The South African Social Security Agency (Sassa) was set up to reduce inefficiency, fraud and corruption in the government’s immense programme of cash transfers to poor people.
It was meant to streamline delivery, beef up security and eliminate controversy over competing tenders for the lucrative business of disbursing money to pensioners and the recipients of child and disability grants.
Right now, however, Sassa itself is at the centre of a growing controversy over its own procurement processes. The tender to distribute more than R100-billion of grants annually — from the remote valleys of the Eastern Cape to the townships of Gauteng — is itself worth about R10billion, which puts it among the biggest government contracts.
It also places it among the most bitterly contested. Disappointed bidder Allpay, which is controlled by Absa, is fighting in court against the awarding of the tender to its rival, Cash Paymaster Services, citing numerous irregularities.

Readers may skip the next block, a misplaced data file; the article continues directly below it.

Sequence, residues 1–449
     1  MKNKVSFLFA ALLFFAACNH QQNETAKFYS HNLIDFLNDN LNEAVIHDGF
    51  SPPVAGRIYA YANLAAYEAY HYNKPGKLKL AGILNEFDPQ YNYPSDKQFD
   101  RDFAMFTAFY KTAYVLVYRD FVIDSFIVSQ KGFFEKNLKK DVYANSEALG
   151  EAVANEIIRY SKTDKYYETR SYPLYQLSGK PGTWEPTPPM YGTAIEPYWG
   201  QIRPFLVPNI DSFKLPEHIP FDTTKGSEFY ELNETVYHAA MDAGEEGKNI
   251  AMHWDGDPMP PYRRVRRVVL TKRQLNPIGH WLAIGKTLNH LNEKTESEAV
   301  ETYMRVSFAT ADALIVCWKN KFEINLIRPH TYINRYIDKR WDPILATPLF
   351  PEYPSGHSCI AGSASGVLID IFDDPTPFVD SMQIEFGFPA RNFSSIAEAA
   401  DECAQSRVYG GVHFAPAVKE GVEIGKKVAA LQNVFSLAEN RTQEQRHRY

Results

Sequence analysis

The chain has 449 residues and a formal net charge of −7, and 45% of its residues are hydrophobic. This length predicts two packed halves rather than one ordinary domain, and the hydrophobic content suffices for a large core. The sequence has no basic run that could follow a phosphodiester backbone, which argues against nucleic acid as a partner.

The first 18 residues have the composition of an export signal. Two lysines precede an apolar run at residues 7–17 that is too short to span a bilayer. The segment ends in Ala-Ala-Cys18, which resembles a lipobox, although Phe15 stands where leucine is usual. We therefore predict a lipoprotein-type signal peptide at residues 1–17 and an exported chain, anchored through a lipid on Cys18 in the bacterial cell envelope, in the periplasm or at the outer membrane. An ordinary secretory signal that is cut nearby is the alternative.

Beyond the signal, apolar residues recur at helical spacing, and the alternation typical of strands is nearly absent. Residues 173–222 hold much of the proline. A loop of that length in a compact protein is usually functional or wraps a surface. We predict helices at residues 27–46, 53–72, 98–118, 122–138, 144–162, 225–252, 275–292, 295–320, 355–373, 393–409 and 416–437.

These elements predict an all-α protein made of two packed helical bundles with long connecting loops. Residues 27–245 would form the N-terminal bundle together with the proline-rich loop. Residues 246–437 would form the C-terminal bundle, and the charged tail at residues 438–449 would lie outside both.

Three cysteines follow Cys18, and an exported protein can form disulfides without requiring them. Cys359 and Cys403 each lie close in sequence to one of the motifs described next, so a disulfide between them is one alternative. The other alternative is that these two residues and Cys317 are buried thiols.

Meanwhile, the Mail & Guardian has revealed over the past month a series of governance failures, conflicts of interest and the offer of an “open-chequebook bribe” at various stages of a fraught, on-and-off process.
This week we show how the shadow of Housing Minister Tokyo Sexwale hangs over Cash Paymaster Services, albeit through a company linked to men who are his proxies in other ventures. Added to what we have already reported about the roles of President Jacob Zuma’s lawyer, Michael Hulley, sports administrator Gideon Sam and National Development Agency chief executive Vuyelwa Nhlapo and the procedural concerns raised by Allpay in its court papers, these details make it impossible to have any faith at all in the process.
The department of social development should immediately halt further implementation of the contract until the murk can be cleared and confidence in the decision-making process rebuilt.